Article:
Captured from Twitter, here is Tom Henrich’s partial reconstruction of my conversation with Tantek Çelik, Glenda Bautista, Andy Rutledge and others on the merits of self-hosting social content and publishing to various sites rather than aggregating locally from external sources.
Ladies and gentlemen, prepare for the game of all games, a design denouement one incredible year in the making, the ultimate test of two unlikely heroes with even less likely names.
Noper vs. Reyes. Layer Tennis 2010 Season 3 championship. Fought live, with live commentary by yours truly. Presented by Adobe CS5 via Coudal Partners.
The Match begins 1:00 pm Chicago time (2:00 pm in NYC, 9:00 pm in Bucharest).
To thank you and the universe for five brilliant, sold-out shows in 2010, we’ve partnered with Network for Good to donate $5,000 to Computers for Youth (CFY), a non-profit foundation that brings computing and educational resources into the homes of children who wouldn’t otherwise have these advantages. Read more.
“It’s been a great year for web design books; the best we can remember for a while, in fact!” So begins Goburo’s review of the Top Web Books of 2010. The list is extremely selective, containing only four books. But what books! They are: Andy Clarke’s Hardboiled Web Design (Five Simple Steps); Jeremy Keith’s HTML5 For Web Designers (A Book Apart); Dan Cederholm’s CSS3 For Web Designers (A Book Apart); and Eric Meyer’s Smashing CSS (Wiley and Sons).
I’m thrilled to have had a hand in three of the books, and to be a friend and business partner to the author of the fourth. It may also be worth noting that three of the four books were published by scrappy, indie startup publishing houses.
Congratulations, all. And to you, good reading (and holiday nerd gifting).
“Goodreads.com is social cataloging service for books. In this post you will see how they’ve used the friend spam dark pattern, but how they’ve also failed to make it go viral. This makes it interesting to carry out a post mortem and work out what they should have done.”
(Hat tip: Andrew Travers.)
The 10K Apart Challenge had a simple premise: Could you build a complete web application using less than 10 kilobytes? … A joint effort between An Event Apart and MIX Online, the 10K Apart reaped 367 web applications in 28 days—everything from casual games to RIAs—that demonstrate, even with their tiny footprints, what is truly possible with modern [web] standards.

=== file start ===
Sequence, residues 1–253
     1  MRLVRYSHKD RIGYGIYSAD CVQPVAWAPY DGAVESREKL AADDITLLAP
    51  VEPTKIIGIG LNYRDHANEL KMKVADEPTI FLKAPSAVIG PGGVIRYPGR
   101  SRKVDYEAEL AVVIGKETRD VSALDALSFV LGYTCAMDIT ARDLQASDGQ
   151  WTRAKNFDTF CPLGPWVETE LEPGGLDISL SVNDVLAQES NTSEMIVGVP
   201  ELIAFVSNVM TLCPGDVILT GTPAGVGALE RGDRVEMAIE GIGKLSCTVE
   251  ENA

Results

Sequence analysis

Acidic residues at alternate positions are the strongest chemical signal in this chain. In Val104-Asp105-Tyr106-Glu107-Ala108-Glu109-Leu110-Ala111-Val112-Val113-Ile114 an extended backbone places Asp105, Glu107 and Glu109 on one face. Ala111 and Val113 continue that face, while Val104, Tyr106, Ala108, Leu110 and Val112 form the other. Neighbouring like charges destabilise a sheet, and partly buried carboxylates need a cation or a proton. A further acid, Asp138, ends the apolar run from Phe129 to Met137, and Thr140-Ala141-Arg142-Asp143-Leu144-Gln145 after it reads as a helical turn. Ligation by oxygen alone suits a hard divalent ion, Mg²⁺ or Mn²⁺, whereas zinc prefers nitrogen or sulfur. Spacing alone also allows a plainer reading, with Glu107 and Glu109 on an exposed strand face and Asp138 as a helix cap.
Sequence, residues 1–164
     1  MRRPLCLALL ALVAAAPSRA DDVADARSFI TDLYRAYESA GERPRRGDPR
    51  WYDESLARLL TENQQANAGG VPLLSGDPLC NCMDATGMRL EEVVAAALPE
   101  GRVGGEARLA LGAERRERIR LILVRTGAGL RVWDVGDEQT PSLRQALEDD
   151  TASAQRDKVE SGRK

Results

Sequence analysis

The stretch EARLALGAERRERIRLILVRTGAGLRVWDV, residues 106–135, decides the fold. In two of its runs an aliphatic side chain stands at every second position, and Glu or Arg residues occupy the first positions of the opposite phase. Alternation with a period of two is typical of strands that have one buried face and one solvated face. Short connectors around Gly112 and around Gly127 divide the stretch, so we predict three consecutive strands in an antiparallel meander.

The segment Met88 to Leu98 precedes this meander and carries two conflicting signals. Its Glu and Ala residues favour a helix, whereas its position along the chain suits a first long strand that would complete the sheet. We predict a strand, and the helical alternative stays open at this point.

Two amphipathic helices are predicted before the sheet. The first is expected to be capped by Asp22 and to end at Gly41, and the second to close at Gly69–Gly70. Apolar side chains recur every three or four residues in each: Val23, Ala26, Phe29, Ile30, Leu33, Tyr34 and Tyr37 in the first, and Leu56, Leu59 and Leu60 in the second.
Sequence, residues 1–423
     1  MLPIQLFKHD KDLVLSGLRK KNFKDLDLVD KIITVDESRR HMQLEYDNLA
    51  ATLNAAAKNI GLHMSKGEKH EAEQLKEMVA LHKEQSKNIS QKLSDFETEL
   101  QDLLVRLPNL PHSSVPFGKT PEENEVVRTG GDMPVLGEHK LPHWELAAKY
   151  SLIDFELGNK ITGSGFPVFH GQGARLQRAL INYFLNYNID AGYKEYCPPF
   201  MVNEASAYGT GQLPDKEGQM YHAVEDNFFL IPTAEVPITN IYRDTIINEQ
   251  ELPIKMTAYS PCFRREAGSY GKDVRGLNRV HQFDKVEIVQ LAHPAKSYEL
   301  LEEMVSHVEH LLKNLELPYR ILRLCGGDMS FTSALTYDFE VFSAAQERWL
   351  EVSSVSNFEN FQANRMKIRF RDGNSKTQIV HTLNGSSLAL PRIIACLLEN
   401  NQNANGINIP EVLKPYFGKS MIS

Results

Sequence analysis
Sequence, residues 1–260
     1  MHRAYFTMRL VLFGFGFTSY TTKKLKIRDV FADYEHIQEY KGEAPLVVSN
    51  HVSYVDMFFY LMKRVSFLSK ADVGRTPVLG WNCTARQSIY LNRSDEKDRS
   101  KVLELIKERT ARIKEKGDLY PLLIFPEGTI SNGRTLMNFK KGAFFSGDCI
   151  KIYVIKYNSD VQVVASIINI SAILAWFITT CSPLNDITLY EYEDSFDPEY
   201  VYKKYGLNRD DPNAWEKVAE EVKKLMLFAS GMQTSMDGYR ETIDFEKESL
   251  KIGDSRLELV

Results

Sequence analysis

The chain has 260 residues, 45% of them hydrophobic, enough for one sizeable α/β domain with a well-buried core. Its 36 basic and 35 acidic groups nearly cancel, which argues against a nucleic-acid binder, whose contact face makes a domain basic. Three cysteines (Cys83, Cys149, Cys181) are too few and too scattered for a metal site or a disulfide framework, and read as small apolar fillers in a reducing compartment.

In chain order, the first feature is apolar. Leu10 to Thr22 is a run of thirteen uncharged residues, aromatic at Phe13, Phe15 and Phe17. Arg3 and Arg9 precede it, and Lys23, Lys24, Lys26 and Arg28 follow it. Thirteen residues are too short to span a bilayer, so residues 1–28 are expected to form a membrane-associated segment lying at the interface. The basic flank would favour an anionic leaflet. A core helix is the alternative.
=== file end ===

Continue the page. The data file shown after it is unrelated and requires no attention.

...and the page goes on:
Read about the winning entries: 10K Apart – IEBlog.
Happy Cog president Greg Storey describes the thinking behind our latest little experiment in online publishing and community:
Last week we launched Cognition, a studio blog, that replaced the traditional open-mic text area commenting system with two options: Either post a response via your own Twitter account or link to a post on your own blog.
As the primary instigator, Mr. Storey explains his and the agency’s rationale for doing away with traditional comments:
The problem with most comment threads is that they can reach that useless tipping point very quickly. Without having an active moderator to keep up with all of the various threads it’s practically impossible to provide any sort of conversational value.
Meanwhile we have also informally noticed a decline in blog usage since the wider adoption of Twitter within our community. … Happy Cog loves blogs. … What if we could help bring some life back into the old network by encouraging people to write blog posts when they have more to say than what can fit into one-hundred-and-forty characters?
Read more and comment if you wish: Airbag: Babylon.
When you write “This post has earned one meager response,” meager describes the quality of the response received when, I think, your intent is to describe quantity of responses received. Recast?